To handle the user clicking on the toast I need to listen to the Activated event on the Toast object. However Register-ObjectEvent doesn't handle WinRT events. To work around this I created a .NET event wrapper class to turn the WinRT event into a .NET event that Register-ObjectEvent can handle. This is based on Keith Hill's blog post on calling WinRT async methods in PowerShell. With the event wrapper class I can run the following to subscribe to the event:

function WrapToastEvent {
param($target, $eventName);

Add-Type -Path (Join-Path $myPath "PoshWinRT.dll")
$wrapper = new-object "PoshWinRT.EventWrapper[Windows.UI.Notifications.ToastNotification,System.Object]";
$wrapper.Register($target, $eventName);
}

[void](Register-ObjectEvent -InputObject (WrapToastEvent $toast "Activated") -EventName FireEvent -Action {
...
});

To handle the Activated event I want to put focus back on the PowerShell window that created the toast. To do this I need to call the Win32 function SetForegroundWindow. Doing so from PowerShell is surprisingly easy. First you must tell PowerShell about the function:

Add-Type @"
using System;
using System.Runtime.InteropServices;
public class PInvoke {
[DllImport("user32.dll")] [return: MarshalAs(UnmanagedType.Bool)]
public static extern bool SetForegroundWindow(IntPtr hwnd);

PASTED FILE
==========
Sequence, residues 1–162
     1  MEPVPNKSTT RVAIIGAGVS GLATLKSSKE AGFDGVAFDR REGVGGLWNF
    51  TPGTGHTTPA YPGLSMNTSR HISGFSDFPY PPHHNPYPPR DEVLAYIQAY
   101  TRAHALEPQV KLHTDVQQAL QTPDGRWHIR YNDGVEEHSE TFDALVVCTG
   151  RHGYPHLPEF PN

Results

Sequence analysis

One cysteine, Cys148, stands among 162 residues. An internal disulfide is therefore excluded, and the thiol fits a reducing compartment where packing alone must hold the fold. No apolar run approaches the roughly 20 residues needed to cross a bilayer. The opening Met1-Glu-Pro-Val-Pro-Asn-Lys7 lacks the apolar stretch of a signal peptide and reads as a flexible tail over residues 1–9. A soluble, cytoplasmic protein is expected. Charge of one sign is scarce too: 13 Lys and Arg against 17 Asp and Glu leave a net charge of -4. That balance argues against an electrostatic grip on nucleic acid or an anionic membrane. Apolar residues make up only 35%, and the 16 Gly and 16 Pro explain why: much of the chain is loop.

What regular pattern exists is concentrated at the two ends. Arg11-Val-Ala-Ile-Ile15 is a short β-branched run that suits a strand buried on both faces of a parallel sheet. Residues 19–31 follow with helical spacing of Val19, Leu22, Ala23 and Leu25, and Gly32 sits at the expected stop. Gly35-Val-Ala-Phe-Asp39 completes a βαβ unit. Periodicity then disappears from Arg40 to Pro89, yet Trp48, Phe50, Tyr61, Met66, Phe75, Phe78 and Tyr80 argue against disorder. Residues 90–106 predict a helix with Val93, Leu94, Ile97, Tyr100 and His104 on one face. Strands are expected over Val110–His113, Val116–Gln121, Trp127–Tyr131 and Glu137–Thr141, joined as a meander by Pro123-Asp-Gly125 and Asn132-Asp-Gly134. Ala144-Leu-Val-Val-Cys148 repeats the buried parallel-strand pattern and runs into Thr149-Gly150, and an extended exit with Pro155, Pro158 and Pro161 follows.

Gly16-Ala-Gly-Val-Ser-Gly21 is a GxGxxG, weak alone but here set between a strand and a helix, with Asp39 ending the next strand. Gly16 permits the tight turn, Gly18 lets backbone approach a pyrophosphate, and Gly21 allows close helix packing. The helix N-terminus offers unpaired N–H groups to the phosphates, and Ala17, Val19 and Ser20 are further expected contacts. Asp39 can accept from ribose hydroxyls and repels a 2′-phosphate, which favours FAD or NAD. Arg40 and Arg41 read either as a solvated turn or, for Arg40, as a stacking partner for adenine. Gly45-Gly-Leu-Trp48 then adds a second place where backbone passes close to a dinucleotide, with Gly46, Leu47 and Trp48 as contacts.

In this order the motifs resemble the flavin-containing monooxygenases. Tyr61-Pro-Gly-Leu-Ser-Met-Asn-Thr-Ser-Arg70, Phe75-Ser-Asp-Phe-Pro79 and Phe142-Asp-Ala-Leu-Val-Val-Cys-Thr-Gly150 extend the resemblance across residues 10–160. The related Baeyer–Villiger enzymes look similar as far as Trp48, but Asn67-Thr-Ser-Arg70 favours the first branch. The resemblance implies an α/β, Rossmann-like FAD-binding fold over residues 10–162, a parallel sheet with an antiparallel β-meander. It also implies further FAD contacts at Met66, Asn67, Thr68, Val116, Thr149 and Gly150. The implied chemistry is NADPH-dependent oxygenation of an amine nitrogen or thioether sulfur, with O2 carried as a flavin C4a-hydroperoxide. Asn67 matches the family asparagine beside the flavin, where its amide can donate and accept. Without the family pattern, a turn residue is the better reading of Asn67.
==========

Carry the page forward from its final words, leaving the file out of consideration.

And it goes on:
}
"@
Then to call:
[PInvoke]::SetForegroundWindow((Get-Process -id $myWindowPid).MainWindowHandle);

But figuring out the HWND to give to SetForegroundWindow isn't totally straight forward. Get-Process exposes a MainWindowHandle property but if you start a cmd.exe prompt and then run PowerShell inside of that, the PowerShell process has 0 for its MainWindowHandle property. We must follow up process parents until we find one with a MainWindowHandle:

$myWindowPid = $pid;
while ($myWindowPid -gt 0 -and (Get-Process -id $myWindowPid).MainWindowHandle -eq 0) {
$myWindowPid = (gwmi Win32_Process -filter "processid = $($myWindowPid)" | select ParentProcessId).ParentProcessId;
}
PermalinkComments.net c# powershell toast winrt

Tweet from Eric Lawrence

2016 Jun 2, 10:32
Chrome relaxes IDN display of Punycode (old restrictions were like IE) to match Firefox instead: https://bugs.chromium.org/p/chromium/issues/detail?id=336973#c34 
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Windows Store App WebView Cross Origin XMLHttpRequest Behavior

2016 Jun 2, 6:45